About forty years ago, I read a salad recipe that began as follows : Peel one clove of garlic and spear it on the end of a fork. Rub the inside of a large bowl with the garlic . Prepare the salad and empty it into the bowl . Add vinaigrette and toss . Discard the garlic. ( LOL). That’s how wary Americans were of using garlic .
How different it is today. Recently , we bought a slow cooker . It came complete with a recipe book and one of the recipes was” Chicken with forty cloves of garlic ” We’d seen similar recipes before but this time we decided to try it . It was terrific . The garlic kind of melted into the gravy and the sharp smell that one associates with raw garlic disappeared . The finished dish was rich, complex and savory, not particularly spicy, and the chicken was fork tender. There are recipes galore for this dish on the internet and it’s definitely worth a shot.
We usually cook Indian , Chinese or South East Asian ( Thai , Malaysian, Korean or Vietnamese ) food at home and all these cuisines are liberal in their use of garlic. All these cuisines are gaining in popularity in the U.S and garlic is ( and has been ) a staple of American cooking for some time . Where previously it was associated with certain ethnicities ( Spanish and Italian) it has now become mainstream , at least among urban Americans . From the merest hint of garlic to forty cloves is a big , big change . I suppose it also helps that garlic has been discovered to have certain benefits to health and those who find the smell offensive can stick to Garlique pills and other odor-free forms.
Onions too had been shunned because of the smell but are finding greater acceptance . Raw onions are still a turn off to some and there was an interesting reminder of this on a recent episode of the Food Network show ” Chopped “. In this series , four contestants are given a surprise basket of ingredients which they must use to prepare a dish of their choice. In succession they prepare an appetizer , an entrée and a dessert using their basket of ingredients and anything else they want from the well stocked pantry . The mandatory ingredients are deliberately odd and offer a stern challenge to contestants . In one recent episode , they were asked to make a dessert with hot dogs , among other items !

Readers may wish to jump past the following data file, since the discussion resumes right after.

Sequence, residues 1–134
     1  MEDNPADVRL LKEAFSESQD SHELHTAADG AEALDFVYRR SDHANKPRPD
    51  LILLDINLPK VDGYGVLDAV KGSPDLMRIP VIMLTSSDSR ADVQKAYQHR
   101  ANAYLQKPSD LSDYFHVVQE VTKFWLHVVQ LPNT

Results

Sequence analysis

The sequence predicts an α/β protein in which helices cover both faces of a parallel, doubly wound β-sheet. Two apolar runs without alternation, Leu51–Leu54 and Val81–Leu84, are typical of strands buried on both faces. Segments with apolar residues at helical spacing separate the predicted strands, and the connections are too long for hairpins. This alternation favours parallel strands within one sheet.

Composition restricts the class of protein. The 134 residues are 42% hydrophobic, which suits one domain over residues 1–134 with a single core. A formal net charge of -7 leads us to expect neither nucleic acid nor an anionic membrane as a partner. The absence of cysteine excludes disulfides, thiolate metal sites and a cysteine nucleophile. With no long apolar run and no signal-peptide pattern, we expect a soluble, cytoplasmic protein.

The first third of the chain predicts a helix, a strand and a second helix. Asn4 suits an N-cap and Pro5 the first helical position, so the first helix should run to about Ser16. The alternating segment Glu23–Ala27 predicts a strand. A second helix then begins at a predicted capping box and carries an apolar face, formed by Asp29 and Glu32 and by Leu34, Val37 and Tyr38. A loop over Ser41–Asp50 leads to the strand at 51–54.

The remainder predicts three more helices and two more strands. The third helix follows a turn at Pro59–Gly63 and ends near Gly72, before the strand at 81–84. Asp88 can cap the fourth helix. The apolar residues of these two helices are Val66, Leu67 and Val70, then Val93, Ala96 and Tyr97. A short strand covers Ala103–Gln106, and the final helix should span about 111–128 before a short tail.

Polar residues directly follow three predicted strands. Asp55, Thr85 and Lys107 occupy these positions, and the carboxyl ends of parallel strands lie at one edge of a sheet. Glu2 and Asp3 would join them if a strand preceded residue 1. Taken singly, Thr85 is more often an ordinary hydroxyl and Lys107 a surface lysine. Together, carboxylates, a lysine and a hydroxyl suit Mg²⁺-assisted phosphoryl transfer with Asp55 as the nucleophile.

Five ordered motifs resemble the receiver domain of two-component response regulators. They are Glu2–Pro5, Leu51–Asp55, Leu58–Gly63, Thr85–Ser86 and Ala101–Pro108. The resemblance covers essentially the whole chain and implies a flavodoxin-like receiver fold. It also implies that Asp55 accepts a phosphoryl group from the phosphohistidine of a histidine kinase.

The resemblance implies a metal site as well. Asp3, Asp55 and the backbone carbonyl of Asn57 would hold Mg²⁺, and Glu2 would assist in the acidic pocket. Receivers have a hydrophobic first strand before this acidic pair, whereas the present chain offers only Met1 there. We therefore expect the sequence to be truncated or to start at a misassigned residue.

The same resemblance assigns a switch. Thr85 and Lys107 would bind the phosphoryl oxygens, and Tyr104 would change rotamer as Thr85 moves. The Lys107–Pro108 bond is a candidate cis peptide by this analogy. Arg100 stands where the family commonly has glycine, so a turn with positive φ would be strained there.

At the end of each round, one contestant is eliminated until finally there are two contestants are left to compete the dessert round. In the episode that I watched ,one of the contestants used a couple of raw slices of raw onion in his appetizer dish and was excoriated for it by one of the judges who hates onions in the raw . In spite of that , the contestant survived the first round and , in the entrée round , again used raw onions . The same judge went ballistic , lambasting the contestant for using an ingredient after he had been told that it was anathema to him ( the judge) . The contestant defended himself saying that he used the onions because they were an essential part of the dish and later on , he groused in private that the judge should not let his personal dislikes color his judgement. I thought that he was absolutely right and applauded his convictions . I was very pleased that he not only survived but went on to win the contest and $ 10,000. Good for him !!
P.S We’ve found that the cooking times prescribed in slow cooker recipes are too long by far and we usually reduce them by about a third. You might want to check your slow cooker dish a couple of times while it is cooking till you get the time and the degree of doneness just right .